The repeal of the military’s “don’t ask, don’t tell” policy” has boosted the spirits of gay-rights activists, but it is not expected to bolster the rest of their legislative agenda, which likely will hit roadblocks in the 112th Congress.
Lobbyists for gay-rights organizations say that next year they will focus on unfinished business including employment nondiscrimination legislation, providing domestic partnership benefits to federal workers and repealing the Defense of Marriage Act.
But they are not optimistic that Republican leaders in the House will push through their issues.
“I don’t think they will go negative on us. I just think they will not do anything to bring about positive change,” said Fred Sainz, the vice president for communications and marketing for the Human Rights Campaign, the largest gay-rights organization.
Some of the activists’ priorities, such as the Employment Non-Discrimination Act, have been lingering for years. The House passed a version of ENDA in 2007, but a revised measure that included protections for transgendered people did not make it out of committee this year.
Sainz said his group will focus more on executive branch agencies to pursue equality issues for gay people as well as lobbying at the state level for passage of laws allowing gay marriage. Outside the legislative arena, HRC is pushing more companies to enact gay-friendly policies, such as domestic partner benefits.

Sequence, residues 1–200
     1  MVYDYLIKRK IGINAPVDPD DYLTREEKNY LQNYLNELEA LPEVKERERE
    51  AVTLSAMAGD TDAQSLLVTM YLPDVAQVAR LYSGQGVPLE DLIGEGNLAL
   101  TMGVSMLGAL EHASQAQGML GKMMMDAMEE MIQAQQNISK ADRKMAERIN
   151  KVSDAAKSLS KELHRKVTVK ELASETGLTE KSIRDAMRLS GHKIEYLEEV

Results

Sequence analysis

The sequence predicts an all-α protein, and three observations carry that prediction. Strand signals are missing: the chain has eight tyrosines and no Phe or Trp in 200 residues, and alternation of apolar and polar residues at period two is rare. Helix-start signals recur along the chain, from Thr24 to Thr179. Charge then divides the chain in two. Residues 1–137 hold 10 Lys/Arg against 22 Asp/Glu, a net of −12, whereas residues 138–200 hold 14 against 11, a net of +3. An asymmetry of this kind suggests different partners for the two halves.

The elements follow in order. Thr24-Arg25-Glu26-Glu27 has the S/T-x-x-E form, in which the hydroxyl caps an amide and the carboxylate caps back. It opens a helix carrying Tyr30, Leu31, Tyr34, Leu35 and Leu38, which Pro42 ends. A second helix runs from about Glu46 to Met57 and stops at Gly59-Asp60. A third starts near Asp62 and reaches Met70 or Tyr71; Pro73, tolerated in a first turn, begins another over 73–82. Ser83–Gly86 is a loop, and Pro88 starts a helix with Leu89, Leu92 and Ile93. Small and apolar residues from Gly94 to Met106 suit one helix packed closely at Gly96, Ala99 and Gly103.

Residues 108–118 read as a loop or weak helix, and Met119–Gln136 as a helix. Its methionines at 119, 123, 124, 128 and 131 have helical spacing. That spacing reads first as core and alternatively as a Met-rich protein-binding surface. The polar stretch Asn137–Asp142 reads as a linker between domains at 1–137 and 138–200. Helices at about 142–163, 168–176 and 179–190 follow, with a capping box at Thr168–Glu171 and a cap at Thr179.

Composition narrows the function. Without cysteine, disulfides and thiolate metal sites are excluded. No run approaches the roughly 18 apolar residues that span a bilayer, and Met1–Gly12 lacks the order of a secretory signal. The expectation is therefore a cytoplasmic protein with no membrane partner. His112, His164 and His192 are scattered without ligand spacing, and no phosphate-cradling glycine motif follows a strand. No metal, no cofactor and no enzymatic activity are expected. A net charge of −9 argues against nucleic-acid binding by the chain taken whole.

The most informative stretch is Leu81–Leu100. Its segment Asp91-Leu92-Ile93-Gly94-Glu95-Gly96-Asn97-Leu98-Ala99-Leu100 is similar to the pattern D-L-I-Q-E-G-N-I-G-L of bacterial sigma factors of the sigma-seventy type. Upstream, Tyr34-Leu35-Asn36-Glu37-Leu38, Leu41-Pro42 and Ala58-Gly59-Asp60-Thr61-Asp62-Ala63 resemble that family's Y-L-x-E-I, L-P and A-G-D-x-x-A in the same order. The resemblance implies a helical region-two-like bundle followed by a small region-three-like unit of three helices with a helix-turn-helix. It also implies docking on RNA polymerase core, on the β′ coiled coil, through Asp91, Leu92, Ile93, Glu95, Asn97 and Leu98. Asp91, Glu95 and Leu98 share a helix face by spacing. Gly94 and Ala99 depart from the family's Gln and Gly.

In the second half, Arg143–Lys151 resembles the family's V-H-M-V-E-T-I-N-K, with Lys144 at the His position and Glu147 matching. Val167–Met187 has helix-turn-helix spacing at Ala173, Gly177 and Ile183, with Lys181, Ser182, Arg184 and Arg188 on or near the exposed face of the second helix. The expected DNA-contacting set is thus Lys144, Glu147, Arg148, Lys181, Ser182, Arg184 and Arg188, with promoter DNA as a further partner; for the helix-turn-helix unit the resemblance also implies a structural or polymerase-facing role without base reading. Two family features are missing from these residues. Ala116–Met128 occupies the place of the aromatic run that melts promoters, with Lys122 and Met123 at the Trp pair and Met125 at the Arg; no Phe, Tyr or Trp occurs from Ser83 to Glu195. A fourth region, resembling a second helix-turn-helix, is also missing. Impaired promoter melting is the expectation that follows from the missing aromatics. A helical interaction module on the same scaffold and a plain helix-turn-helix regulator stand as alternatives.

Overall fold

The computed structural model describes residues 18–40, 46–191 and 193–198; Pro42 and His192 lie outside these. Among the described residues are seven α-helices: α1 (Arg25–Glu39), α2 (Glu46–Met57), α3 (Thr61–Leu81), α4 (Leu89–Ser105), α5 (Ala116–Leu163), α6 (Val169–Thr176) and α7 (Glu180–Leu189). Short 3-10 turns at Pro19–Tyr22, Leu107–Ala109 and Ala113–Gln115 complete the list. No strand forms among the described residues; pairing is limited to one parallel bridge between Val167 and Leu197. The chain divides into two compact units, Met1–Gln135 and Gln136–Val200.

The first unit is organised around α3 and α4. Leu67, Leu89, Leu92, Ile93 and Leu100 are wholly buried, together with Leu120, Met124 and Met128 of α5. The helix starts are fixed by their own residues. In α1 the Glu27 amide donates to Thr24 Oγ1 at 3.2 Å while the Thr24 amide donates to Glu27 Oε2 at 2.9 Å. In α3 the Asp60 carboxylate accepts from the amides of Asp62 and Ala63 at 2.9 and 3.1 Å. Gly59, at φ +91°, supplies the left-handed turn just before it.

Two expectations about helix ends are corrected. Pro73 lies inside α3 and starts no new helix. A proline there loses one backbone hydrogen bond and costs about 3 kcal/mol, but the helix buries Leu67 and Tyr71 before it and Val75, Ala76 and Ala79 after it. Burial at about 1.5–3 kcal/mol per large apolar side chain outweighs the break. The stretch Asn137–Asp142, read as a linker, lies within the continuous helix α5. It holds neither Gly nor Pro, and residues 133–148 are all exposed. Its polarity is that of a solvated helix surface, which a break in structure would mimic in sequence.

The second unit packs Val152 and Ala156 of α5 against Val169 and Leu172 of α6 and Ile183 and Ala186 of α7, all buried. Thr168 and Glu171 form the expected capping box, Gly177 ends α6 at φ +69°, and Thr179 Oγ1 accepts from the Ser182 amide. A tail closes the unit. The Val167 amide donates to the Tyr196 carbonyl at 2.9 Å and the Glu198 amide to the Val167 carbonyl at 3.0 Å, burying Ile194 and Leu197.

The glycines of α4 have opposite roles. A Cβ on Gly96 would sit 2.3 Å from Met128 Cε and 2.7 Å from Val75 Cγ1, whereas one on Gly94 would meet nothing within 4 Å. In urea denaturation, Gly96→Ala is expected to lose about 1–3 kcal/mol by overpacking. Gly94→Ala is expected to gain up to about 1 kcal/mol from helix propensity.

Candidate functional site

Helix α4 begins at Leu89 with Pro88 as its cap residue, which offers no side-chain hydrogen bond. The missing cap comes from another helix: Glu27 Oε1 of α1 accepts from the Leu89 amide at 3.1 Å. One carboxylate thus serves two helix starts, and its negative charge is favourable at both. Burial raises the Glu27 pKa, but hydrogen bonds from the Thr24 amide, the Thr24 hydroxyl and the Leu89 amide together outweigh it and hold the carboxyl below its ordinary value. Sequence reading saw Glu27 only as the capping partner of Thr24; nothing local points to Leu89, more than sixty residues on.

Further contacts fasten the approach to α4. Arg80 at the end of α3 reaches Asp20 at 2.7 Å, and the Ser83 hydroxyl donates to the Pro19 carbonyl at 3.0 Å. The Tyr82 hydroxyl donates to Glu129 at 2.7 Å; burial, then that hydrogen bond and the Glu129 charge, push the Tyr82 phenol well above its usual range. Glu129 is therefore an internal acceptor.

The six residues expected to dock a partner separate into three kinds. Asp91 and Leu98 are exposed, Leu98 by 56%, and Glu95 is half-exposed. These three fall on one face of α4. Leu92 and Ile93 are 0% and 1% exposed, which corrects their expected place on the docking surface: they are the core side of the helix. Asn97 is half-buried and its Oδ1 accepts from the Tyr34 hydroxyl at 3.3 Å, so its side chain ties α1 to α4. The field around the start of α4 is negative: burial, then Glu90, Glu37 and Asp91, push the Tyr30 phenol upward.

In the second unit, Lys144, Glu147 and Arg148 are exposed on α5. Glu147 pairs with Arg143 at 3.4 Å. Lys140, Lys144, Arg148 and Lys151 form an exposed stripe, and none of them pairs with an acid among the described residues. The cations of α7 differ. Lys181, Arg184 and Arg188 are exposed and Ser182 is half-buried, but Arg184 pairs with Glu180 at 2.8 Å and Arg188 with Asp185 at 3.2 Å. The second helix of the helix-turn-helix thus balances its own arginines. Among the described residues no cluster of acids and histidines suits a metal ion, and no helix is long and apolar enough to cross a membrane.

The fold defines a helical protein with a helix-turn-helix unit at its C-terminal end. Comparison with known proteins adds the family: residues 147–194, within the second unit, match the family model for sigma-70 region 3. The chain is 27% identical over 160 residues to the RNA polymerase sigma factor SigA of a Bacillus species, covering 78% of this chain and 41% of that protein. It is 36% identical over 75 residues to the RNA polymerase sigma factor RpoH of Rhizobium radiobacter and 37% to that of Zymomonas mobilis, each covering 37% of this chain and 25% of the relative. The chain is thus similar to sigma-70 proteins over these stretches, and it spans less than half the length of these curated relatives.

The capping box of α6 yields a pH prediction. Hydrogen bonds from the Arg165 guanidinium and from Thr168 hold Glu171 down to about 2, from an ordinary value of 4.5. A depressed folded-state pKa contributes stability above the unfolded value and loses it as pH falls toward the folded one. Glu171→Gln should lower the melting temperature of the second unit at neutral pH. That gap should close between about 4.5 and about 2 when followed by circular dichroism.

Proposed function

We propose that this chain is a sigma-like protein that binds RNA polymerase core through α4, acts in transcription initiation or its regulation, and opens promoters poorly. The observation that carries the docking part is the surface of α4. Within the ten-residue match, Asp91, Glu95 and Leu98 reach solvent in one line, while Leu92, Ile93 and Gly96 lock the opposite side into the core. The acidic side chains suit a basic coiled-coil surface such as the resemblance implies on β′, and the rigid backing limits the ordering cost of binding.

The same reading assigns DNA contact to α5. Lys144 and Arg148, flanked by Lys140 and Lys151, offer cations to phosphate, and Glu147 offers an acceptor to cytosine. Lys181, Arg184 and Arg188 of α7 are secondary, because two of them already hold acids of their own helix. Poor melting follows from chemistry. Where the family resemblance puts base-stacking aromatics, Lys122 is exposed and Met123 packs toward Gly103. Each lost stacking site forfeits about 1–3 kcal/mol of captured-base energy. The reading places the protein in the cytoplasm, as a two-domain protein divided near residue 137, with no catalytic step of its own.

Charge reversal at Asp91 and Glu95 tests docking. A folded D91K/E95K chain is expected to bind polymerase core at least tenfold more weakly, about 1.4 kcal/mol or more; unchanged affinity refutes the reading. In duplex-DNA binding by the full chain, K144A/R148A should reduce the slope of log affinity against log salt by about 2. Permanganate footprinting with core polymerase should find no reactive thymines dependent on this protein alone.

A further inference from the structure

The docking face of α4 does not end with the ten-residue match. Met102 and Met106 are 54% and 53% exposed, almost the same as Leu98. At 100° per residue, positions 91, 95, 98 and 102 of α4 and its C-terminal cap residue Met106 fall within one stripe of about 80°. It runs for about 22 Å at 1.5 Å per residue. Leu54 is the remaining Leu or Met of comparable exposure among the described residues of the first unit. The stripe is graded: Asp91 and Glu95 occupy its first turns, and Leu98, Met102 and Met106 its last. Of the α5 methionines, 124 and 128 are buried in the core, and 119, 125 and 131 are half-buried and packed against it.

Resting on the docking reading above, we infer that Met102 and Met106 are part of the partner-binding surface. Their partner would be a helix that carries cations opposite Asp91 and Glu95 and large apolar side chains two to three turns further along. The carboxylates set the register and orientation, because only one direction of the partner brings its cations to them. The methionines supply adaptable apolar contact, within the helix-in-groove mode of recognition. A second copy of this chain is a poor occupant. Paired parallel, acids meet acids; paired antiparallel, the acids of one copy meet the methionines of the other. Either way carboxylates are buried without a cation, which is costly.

R. Clarke Cooper, president of the Log Cabin Republicans, said GOPers have made it clear they will focus more on fiscal rather than social issues next year.
But he added that Republicans may be receptive to legislation that deals with taxes, such as extending tax breaks on health benefits for partners of employees.
Cooper cited as progress the fact that many Republicans have become more comfortable with having gay advocates in their midst, noting that his group participated in the Young Guns events spearheaded by GOP House leaders during the 2010 midterm campaigns.
Cooper also said he has met several times with Speaker-designate John Boehner (R-Ohio), including having his first conversation with the leader at a fundraiser at the Capitol Hill Club.
“He said, ‘Not everyone can be a Susan Collins or Ileana Ros-Lehtinen,’” said Cooper, referring to two socially moderate Republicans, the Maine Senator and Florida House Member, who voted for the repeal.
Cooper said Log Cabin agreed to help raise money and work on behalf of certain Republican candidates. In return, Cooper said, he asked that Republican leaders convey to social conservatives in the party that “if they had nothing nice to say about gays and lesbians that they say nothing at all.”
And a number of conservative Republicans, including Rep. Jeff Flake (Ariz.) and Sen. Richard Burr (N.C.), surprised gay activists in their support of the DADT repeal.
The Log Cabin Republicans had also successfully sued in federal court in California to overturn the “don’t ask, don’t tell” policy. Cooper said that his group would likely wait to drop the suit until after the Pentagon completes its implementation of the new policy, which could take months.
Terri Henderson, 6, center, whose mother is El Salvador, attends a rally with members of Congress at Union Station's Columbus Circle to announce the Restore Opportunity, Strengthen, and Improve the Economy (ROSIE) Act on July 29, 2014. The legislation provides incentives for government contractors to pay a living wage and other benefits that would help low-income workers.